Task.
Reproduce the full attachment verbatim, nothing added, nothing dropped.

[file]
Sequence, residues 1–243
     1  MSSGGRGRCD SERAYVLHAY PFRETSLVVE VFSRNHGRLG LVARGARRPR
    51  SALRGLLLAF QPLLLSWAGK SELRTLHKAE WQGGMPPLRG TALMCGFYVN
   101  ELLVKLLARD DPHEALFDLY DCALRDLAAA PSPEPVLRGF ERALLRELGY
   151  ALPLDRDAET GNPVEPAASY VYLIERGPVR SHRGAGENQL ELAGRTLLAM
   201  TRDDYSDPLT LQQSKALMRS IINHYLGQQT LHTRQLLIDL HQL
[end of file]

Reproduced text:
Sequence, residues 1–243
     1  MSSGGRGRCD SERAYVLHAY PFRETSLVVE VFSRNHGRLG LVARGARRPR
    51  SALRGLLLAF QPLLLSWAGK SELRTLHKAE WQGGMPPLRG TALMCGFYVN
   101  ELLVKLLARD DPHEALFDLY DCALRDLAAA PSPEPVLRGF ERALLRELGY
   151  ALPLDRDAET GNPVEPAASY VYLIERGPVR SHRGAGENQL ELAGRTLLAM
   201  TRDDYSDPLT LQQSKALMRS IINHYLGQQT LHTRQLLIDL HQL